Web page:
Smith's Bible DictionaryEndor
(fountain of Dor), a place in the territory of Issachar, and yet possessed by Manasseh. (Joshua 17:11) Endor was the scene of the great victory over Sisera and Jabin. It was here that the witch dwelt whom Saul consulted. (1 Samuel 28:7) it was known to Eusebius, who describes it was a large village four miles south of Tabor. Here to the north of Jebel Duhy the name still lingers. The distance from the slopes of Gilboa to Endor is seven or eight miles, over difficult ground.
ATS Bible DictionaryEndor
A city of Manasseh, Joshua 17:11, four miles south of mount Tabor, near Nain, in the way to Scythopolis, Psalm 83:9,10. Here the witch lived whom Saul consulted, 1 Samuel 28:1-25. The pretence of this sorceress that she could call up the spirits of the dead from their repose was evidently false. She was amazed and appalled when the form of Samuel really appeared, sent by God himself to put her to shame, and bring to king Saul his last warning.
International Standard Bible EncyclopediaEN-DOR
en'-dor `en dor, Joshua 17:11; `en dor, 1 Samuel 28:7; `en do'r, Psalm 83:10; Codex Alexandrinus, Nendor; Codex Vaticanus, Aeldor:
A town in the lot of Issachar assigned to Manasseh (Joshua 17:11). Here dwelt the woman who had a familiar spirit, whom Saul consulted on the night before the battle of Gilboa (1 Samuel 28:7). Here also, according to Psalm 83:10, perished fugitives of Sisera's army, after their defeat at the Kishon. The place was therefore not far from the Kishon and Tabor.
It is generally identified with the modern Endur, a small village on the northern slope of Jebel ed-Duchy, with several ancient caves. It is not far from Nain and Shunem, and looks across the valley along which the broken ranks of Sisera may have attempted to make their way eastward to the open uplands, and thence to their native North. Coming hither from Gilboa, eluding the Philistine outposts under cover of the darkness, Saul would cross the Vale of Jezreel, and pass round the eastern base of the mountain, the Philistines being on the west.
EN-DOR, WITCH OF
In 1 Samuel 28:3-25, it is narrated how Saul, in despair of mind because Yahweh had forsaken him, on the eve of the fatal battle of Gilboa, resorted in disguise to "a woman that had a familiar spirit" ('obh: see DIVINATION; NECROMANCY), at En-dor, and besought the woman to divine for him, and bring him up from the dead whom he should name. On the woman reminding him how Saul had cut off from the land those who practiced these arts-a proof of the existence and operation of the laws against divination, witchcraft, necromancy, etc. (Leviticus 19:31 Deuteronomy 18:9-14)-the king assured her of immunity, and bade her call up Samuel. The incidents that followed have been the subject of much discussion and of varied interpretation. It seems assumed in the narrative that the woman did see an appearance, which the king, on her describing it, recognized to bethat of Samuel.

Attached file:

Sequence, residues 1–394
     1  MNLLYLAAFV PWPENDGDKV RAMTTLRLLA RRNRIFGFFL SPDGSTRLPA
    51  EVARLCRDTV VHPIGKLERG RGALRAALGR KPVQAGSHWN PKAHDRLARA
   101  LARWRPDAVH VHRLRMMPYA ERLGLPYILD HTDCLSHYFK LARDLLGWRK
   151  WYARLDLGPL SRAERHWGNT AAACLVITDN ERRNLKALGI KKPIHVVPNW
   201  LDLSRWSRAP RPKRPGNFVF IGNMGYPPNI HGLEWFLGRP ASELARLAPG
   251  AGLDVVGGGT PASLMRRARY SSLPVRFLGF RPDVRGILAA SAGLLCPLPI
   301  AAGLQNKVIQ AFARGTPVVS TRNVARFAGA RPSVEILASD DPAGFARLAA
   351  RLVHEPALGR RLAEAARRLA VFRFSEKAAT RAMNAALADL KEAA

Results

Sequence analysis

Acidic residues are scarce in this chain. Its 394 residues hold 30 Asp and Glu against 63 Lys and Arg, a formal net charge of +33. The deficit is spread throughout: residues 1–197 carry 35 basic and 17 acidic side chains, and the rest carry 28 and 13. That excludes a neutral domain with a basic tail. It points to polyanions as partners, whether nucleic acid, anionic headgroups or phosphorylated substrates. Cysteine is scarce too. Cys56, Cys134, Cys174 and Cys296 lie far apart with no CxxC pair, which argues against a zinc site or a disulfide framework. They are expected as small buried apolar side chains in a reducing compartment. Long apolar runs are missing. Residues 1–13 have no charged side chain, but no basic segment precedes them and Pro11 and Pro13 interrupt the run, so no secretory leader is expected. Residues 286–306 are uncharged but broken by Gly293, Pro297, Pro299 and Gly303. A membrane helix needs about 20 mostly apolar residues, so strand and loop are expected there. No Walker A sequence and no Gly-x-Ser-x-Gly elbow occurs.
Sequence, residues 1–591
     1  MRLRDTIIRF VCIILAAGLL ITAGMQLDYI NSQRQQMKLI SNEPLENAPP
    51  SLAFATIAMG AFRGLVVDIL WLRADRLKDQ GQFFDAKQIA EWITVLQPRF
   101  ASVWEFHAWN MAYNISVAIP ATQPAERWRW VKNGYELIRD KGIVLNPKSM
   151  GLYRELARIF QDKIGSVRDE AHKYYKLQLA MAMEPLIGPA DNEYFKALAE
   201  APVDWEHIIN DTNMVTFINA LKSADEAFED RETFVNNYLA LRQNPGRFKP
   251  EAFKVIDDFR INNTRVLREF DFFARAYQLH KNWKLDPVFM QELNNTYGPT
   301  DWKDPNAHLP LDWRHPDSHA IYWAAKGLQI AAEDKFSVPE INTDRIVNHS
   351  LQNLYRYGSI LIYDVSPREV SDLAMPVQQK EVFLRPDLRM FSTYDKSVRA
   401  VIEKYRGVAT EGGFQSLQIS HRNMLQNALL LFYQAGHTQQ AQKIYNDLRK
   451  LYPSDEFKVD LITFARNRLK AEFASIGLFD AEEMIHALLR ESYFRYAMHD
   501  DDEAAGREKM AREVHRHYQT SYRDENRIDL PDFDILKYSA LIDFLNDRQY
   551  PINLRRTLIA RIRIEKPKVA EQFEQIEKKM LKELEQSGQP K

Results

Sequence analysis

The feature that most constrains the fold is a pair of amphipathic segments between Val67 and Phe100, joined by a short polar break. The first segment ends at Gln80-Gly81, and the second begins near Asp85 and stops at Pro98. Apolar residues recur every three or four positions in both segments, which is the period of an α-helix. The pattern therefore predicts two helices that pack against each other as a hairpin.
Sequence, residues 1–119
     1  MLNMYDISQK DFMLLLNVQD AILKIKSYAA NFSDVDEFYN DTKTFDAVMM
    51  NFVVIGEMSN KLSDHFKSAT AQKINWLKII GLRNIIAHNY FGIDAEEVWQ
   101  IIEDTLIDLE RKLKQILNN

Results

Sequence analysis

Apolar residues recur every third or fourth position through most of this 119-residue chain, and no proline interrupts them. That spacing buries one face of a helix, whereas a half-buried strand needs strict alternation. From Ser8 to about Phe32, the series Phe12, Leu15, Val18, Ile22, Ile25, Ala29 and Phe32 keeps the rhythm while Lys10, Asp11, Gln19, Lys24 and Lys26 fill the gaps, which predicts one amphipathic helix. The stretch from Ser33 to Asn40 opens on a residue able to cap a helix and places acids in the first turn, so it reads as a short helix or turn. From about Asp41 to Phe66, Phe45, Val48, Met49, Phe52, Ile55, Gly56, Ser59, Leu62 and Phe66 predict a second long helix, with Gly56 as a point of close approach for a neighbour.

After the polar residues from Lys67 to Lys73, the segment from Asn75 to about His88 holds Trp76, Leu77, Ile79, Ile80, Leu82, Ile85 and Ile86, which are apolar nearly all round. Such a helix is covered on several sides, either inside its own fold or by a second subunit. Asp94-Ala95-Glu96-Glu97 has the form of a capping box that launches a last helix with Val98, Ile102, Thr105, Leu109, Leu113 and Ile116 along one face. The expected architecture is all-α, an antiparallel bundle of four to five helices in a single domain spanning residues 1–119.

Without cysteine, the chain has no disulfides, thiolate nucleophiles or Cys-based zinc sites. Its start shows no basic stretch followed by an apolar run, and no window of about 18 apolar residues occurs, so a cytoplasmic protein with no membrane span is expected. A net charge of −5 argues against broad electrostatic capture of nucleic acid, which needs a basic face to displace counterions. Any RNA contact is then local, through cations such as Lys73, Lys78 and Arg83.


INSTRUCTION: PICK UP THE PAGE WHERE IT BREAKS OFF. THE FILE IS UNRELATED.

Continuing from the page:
This, however, need be only the narrator's interpretation of the events. It is not to be credited that the saintly Samuel was actually summoned from his rest by the spells of a professional diviner. Some have thought that Samuel, by God's permission, did indeed appear, as much to the woman's dismay as to the king's; and urge in favor of this the woman's evident surprise and terror at his appearance (1 Samuel 28:12), and the true prophecy of Saul's fate (1 Samuel 28:16-19).
It may conceivably have been so, but the more reasonable view is that the whole transaction was a piece of feigning on the part of the woman. The Septuagint uses the word eggastrimuthos ("a ventriloquist") to describe the woman and those who exercised kindred arts (1 Samuel 28:9). Though pretending ignorance (1 Samuel 28:12), the woman doubtless recognizes Saul from the first. It was she who saw Samuel, and reported his words; the king himself saw and heard nothing. It required no great skill in a practiced diviner to forecast the general issue of the battle about to take place, and the disaster that would overtake Saul and his sons; while if the forecast had proved untrue, the narrative of the witch of En-dor would never have been written. Saul, in fact, was not slain, but killed himself. The incident, therefore, may best be ranked in the same category as the feats of modern mediumship.
Easton's Bible Dictionary
Fountain of Dor; i.e., "of the age", a place in the territory of Issachar (Joshua 17:11
) near the scene of the great victory which was gained by Deborah and Barak over Sisera and Jabin (Comp. Psalm 83:9
, 10). To Endor, Saul resorted to consult one reputed to be a witch on the eve of his last engagement with the Philistines (1 Samuel 28:7
). It is identified with the modern village of Endur, "a dirty hamlet of some twenty houses, or rather huts, most of them falling to ruin," on the northern slope of Little Hermon, about 7 miles from Jezreel.